Home Buying Guides

Busting the Myth of the 20 Percent Down Payment

Homeownership brings with it a number of benefits. But, many homeowners believe the required down payment is well beyond reach.

If that sounds familiar, you’ve probably been told you need to put 20% down to purchase a home. On a $300,000 home, that’s $60,000. Add costs for closing, inspection, appraisal and other fees and it’s no wonder a lot of people don’t think they will ever own a home.

In reality, the minimum down payment for a house can be much lower than 20%. Keep in mind, however, that the more you put down, the less you will have to finance. A larger down payment can also signal to a seller that you are serious, which is especially important in a competitive market.

In most cases, you will have to put some sort of minimum amount down on your home. But there are a few exceptions. This chart, based on a similar table from Bankrate, summarizes the type of loans as well as the minimum you would need as a down payment to qualify for each loan type.

Loan typeMinimum down payment
FHA loan3.5%
Conventional loan3%-15% depending on lender and loan
USDA loanNone required
VA loanNone required
Jumbo loan20% or more depending on lender
Source: Bankrate

FHA loans are backed by the Federal Housing Administration and are available for as little as 3.5 percent down, but require credit scores of at least 580. Keep in mind, many lenders may have higher requirements for minimum scores. If scores fall between 550 to 579, the lender will need to put down at least 10% rather than 3.5%. Due to the less-stringent requirements, FHA loans are popular with first-time homebuyers.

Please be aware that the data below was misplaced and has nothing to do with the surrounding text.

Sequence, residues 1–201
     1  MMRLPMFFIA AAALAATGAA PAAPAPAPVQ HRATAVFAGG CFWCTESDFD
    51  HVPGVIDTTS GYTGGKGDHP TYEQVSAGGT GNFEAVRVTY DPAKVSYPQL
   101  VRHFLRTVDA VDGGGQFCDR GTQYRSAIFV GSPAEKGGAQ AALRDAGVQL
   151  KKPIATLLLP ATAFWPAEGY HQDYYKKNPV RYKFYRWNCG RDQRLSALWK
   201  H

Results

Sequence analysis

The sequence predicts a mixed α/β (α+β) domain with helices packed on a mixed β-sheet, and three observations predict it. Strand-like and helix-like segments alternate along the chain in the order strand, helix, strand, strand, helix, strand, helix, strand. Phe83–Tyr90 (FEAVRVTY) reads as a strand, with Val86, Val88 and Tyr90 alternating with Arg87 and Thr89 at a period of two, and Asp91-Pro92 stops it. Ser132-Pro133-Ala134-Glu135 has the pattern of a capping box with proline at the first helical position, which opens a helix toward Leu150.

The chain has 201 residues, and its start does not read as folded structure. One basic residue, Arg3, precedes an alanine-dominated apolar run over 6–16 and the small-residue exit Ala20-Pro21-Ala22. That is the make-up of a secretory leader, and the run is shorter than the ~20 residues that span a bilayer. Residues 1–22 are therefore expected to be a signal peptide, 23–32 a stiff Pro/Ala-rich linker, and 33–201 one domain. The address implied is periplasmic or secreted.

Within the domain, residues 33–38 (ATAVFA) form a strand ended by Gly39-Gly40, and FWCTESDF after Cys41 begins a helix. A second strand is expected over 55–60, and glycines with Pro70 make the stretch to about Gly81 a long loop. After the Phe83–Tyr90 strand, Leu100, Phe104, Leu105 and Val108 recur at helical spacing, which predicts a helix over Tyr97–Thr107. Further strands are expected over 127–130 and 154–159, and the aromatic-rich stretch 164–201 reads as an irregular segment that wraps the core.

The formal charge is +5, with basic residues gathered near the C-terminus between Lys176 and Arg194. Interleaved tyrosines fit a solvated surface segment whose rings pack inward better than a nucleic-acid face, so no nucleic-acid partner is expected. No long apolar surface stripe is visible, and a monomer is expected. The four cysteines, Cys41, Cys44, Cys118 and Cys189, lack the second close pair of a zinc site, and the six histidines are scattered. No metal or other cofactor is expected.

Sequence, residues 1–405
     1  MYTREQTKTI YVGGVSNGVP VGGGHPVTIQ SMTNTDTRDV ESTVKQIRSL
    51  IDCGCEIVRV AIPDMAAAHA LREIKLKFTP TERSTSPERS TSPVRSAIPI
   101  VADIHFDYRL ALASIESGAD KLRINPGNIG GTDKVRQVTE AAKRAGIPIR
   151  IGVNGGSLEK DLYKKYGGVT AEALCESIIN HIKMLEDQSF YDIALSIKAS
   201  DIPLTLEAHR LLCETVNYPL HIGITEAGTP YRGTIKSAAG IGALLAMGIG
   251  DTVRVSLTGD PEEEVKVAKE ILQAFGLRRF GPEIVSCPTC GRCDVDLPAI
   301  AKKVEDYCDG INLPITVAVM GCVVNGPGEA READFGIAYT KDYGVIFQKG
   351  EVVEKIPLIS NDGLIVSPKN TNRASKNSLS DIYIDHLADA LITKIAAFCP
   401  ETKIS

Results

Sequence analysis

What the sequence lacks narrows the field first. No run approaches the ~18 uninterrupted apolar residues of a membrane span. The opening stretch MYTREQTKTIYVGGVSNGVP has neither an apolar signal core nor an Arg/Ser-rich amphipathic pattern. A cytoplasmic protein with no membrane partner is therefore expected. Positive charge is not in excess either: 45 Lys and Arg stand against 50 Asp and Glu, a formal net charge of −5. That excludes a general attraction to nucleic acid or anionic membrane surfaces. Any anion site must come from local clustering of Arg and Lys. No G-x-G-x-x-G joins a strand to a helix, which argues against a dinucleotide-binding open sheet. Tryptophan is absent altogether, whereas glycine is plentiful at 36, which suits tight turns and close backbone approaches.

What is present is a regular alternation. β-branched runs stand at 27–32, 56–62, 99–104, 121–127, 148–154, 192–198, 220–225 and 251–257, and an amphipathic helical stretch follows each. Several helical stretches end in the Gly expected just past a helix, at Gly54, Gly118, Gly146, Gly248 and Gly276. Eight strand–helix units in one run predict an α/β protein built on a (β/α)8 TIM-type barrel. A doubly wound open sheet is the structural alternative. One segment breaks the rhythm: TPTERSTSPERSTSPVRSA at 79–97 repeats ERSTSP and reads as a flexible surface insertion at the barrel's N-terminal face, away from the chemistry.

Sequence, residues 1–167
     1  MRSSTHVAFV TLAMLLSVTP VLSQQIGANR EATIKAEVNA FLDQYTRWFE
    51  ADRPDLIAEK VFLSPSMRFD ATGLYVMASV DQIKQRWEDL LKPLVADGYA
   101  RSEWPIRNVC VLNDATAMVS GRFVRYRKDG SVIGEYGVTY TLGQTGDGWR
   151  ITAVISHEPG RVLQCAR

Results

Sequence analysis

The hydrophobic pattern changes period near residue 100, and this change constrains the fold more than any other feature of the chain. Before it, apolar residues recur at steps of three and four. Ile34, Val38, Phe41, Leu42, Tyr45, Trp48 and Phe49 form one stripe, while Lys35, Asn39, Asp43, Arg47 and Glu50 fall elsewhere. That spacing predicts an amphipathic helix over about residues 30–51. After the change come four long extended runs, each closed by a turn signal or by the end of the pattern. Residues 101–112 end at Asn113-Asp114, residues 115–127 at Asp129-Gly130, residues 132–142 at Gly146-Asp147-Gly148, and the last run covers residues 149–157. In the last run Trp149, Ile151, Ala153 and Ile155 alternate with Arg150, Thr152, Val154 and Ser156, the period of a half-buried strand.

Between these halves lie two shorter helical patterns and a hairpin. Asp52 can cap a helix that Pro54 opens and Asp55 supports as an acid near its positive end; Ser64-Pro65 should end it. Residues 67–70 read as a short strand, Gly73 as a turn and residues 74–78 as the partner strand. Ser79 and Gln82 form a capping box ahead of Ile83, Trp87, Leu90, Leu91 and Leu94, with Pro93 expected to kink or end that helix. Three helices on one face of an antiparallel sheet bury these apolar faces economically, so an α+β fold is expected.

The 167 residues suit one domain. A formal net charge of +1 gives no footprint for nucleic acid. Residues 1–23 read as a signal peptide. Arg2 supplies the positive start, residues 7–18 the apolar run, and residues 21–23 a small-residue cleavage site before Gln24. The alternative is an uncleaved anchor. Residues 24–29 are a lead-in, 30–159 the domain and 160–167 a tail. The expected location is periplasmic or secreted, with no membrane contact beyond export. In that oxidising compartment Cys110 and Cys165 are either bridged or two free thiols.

While conventional loans theoretically can require as little as 3% down, lenders can set their own limits, with few willing to go lower than 5% at minimum for a primary residence. Vacation homes and secondary residences will require an even greater down payment. These loans follow guidelines from Fannie Mae and Freddie Mac.

Two loan categories that require no downpayment are VA loans and USDA loans. VA loans are available only to active-duty military, veterans and eligible surviving spouses. They can be used again and again, as long as the borrower qualifies. USDA loans also don’t require a down payment. However, the property must be in a designated rural area.

Although few first-time homebuyers will be financing with a jumbo loan, it’s worth mentioning that lenders determine the minimum down payment. You can expect a down payment as high as 20 to 30 percent, or even more.

In addition to looking into whether you qualify for loan products that require less than 20%, ask your lender about any special programs you may be able to use. An example would be a program allowing you to fold your down payment into your mortgage loan. Again, keep in mind that the less you put down, the more you will finance, plus interest.

Also, low down payments will often cause the lender to charge you for private mortgage insurance, which will add to your monthly payment. In some cases, you may be able to get this removed once you have reached a certain level of equity in your home based on current appraised value.

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